Yuan-Zhong Wang, Ji Zhang, Yan-Li Zhao, Tao Li, Tao Shen, Jie-Qing Li, Wan-Yi Li, Hong-Gao Liu (2013). Mycology, cultivation, traditional uses, phytochemistry and pharmacology of Wolfiporia cocos (Schwein.) Ryvarden et Gilb.: A review. Journal of Ethnopharmacology 147(2) 265-276. Retrieved from https://www.sciencedirect.com/science/article/pii/S0378874113001839
Vandana Gulati, Mansi Dass, Pankaj Gulati (2019). Role of mushrooms in gestational diabetes mellitus. AIMS Medical Science Vol. 6 pp. 49-66. Retrieved from https://www.researchgate.net/publication/330679297_Role_of_mushrooms_in_gestational_diabetes_mellitus
Bing Dai, Qinxuan Wu, Chengxi Zeng, Jiani Zhang, Luting Cao, Zizeng Xiao, Menglin Yang (2016). The effect of Liuwei Dihuang decoction on PI3K/Akt signaling pathway in liver of type 2 diabetes mellitus (T2DM) rats with insulin resistance. Journal of Ethnopharmacology Vol. 192 pp. 382-389. Retrieved from https://www.sciencedirect.com/science/article/pii/S0378874116304433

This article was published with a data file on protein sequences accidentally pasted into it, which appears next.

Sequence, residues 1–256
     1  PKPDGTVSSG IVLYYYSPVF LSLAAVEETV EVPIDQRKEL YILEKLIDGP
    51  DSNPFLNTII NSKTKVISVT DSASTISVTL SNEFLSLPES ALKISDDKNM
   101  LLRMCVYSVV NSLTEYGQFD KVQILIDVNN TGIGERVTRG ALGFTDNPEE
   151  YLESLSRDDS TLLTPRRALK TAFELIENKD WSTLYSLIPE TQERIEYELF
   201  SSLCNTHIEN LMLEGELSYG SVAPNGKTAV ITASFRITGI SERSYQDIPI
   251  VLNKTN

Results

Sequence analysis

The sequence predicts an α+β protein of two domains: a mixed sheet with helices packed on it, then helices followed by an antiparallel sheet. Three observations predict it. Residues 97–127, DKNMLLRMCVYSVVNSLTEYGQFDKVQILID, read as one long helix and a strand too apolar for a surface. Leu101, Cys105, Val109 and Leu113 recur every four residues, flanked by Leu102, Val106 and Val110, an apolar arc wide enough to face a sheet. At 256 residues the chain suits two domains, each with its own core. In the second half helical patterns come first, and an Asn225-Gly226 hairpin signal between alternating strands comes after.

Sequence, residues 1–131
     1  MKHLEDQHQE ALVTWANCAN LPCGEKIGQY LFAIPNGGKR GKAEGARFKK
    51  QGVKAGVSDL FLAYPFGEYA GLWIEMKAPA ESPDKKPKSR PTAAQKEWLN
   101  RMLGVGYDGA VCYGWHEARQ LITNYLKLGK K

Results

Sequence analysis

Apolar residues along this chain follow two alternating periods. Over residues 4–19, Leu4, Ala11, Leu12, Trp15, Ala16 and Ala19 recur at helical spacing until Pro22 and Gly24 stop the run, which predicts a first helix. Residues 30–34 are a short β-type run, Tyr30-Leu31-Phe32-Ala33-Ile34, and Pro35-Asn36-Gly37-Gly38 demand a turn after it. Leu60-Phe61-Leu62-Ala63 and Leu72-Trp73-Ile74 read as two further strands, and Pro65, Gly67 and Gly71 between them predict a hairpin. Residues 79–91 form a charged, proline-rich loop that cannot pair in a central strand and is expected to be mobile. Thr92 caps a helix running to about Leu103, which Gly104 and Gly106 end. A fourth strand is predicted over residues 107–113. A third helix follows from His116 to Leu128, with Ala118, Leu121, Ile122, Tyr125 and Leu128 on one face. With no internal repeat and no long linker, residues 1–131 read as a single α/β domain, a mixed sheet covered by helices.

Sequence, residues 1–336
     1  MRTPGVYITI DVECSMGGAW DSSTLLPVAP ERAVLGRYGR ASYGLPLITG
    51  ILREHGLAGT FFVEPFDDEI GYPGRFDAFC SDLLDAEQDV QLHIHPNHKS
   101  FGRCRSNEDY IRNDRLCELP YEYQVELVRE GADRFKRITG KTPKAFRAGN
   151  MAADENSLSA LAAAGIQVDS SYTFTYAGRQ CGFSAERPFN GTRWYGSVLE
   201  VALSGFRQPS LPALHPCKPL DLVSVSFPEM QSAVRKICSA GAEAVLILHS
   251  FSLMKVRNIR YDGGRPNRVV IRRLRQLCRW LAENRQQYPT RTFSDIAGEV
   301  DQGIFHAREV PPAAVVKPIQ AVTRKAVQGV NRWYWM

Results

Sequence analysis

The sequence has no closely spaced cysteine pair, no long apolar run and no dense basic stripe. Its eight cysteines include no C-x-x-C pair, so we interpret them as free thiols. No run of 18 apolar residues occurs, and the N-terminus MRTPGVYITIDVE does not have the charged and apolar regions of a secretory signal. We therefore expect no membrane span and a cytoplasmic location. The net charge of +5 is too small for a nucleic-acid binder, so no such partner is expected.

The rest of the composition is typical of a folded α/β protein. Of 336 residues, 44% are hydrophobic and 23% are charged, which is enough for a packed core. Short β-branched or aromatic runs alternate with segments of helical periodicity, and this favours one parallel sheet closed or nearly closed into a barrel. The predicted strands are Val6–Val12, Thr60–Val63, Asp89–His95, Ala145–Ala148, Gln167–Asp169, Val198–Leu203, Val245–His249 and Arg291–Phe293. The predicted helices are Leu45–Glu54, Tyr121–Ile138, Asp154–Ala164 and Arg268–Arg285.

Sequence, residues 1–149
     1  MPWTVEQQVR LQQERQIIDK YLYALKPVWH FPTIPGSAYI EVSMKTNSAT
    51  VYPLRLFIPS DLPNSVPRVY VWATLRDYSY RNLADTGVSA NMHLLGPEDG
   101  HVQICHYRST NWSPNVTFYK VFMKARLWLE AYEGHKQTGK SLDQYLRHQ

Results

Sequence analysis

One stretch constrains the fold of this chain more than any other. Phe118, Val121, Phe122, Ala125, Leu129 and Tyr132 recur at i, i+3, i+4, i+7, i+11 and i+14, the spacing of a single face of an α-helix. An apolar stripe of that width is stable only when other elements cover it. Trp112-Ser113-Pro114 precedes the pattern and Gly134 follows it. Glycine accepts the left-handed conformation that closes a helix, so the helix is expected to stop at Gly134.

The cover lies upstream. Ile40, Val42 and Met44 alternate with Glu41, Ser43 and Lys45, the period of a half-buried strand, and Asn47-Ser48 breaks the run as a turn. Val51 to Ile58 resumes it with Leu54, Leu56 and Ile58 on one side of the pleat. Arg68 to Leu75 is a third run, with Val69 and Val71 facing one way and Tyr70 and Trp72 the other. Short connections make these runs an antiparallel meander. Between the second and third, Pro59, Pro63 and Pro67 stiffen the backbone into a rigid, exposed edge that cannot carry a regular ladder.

Raphaella W.L. So, Hoi Shan Wong, Kam-Ming Ko (2015). A Traditional Chinese Medicine Approach in Treating Depression by Promoting Liver Qi Circulation: A Western Medicine Perspective. Chinese Medicine 6(4)187-195. Retrieved from https://www.researchgate.net/publication/284912959_A_Traditional_Chinese_Medicine_Approach_in_Treating_Depression_by_Promoting_Liver_Qi_Circulation_A_Western_Medicine_Perspective
Ying-Yong Zhao, Ping Lei, Dan-Qian Chen, Ya-Long Feng, Xu Bai (2013). Renal metabolic profiling of early renal injury and renoprotective effects of Poria cocos epidermis using UPLC Q-TOF/HSMS/MS-E. Journal of Pharmaceutical and Biomedical Analysis Vol. 81-82, pp. 202-209. Retrieved from https://www.sciencedirect.com/science/article/abs/pii/S0731708513001556
Takashi Kikuchi, Emiko Uchiyama, Motohiko Ukiya, Keiichi Tabata, Yumiko Kimura, Takashi Suzuki, Toshihiro Akihisa (2011). Cytotoxic and Apoptosis-Inducing Activities of Triterpene Acids from Poria cocos. Journal of Natural Products 74, 2, 137-144. Retrieved from https://pubs.acs.org/doi/abs/10.1021/np100402b